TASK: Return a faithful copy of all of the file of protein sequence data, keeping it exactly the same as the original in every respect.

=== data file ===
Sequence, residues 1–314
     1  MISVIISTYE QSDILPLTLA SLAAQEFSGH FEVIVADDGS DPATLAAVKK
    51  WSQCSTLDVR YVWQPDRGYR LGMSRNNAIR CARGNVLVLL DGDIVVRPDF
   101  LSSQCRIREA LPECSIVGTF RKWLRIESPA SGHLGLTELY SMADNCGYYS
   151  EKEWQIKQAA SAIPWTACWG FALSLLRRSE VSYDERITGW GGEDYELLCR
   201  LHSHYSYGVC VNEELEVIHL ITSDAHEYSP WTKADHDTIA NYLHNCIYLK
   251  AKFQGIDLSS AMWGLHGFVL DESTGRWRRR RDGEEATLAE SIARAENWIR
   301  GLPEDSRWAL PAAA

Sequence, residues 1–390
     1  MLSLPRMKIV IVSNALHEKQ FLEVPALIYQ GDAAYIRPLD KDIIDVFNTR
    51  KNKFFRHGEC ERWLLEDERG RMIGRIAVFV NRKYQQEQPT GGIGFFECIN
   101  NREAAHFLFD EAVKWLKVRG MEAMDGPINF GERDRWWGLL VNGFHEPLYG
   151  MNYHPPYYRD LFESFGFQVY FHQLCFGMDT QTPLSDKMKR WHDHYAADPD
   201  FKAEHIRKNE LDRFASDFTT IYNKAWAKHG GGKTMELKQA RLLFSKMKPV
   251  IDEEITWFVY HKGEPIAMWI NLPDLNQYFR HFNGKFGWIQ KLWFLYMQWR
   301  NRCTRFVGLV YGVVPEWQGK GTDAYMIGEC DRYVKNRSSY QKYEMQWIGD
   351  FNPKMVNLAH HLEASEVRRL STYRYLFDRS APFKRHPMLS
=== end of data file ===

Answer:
Sequence, residues 1–314
     1  MISVIISTYE QSDILPLTLA SLAAQEFSGH FEVIVADDGS DPATLAAVKK
    51  WSQCSTLDVR YVWQPDRGYR LGMSRNNAIR CARGNVLVLL DGDIVVRPDF
   101  LSSQCRIREA LPECSIVGTF RKWLRIESPA SGHLGLTELY SMADNCGYYS
   151  EKEWQIKQAA SAIPWTACWG FALSLLRRSE VSYDERITGW GGEDYELLCR
   201  LHSHYSYGVC VNEELEVIHL ITSDAHEYSP WTKADHDTIA NYLHNCIYLK
   251  AKFQGIDLSS AMWGLHGFVL DESTGRWRRR RDGEEATLAE SIARAENWIR
   301  GLPEDSRWAL PAAA

Sequence, residues 1–390
     1  MLSLPRMKIV IVSNALHEKQ FLEVPALIYQ GDAAYIRPLD KDIIDVFNTR
    51  KNKFFRHGEC ERWLLEDERG RMIGRIAVFV NRKYQQEQPT GGIGFFECIN
   101  NREAAHFLFD EAVKWLKVRG MEAMDGPINF GERDRWWGLL VNGFHEPLYG
   151  MNYHPPYYRD LFESFGFQVY FHQLCFGMDT QTPLSDKMKR WHDHYAADPD
   201  FKAEHIRKNE LDRFASDFTT IYNKAWAKHG GGKTMELKQA RLLFSKMKPV
   251  IDEEITWFVY HKGEPIAMWI NLPDLNQYFR HFNGKFGWIQ KLWFLYMQWR
   301  NRCTRFVGLV YGVVPEWQGK GTDAYMIGEC DRYVKNRSSY QKYEMQWIGD
   351  FNPKMVNLAH HLEASEVRRL STYRYLFDRS APFKRHPMLS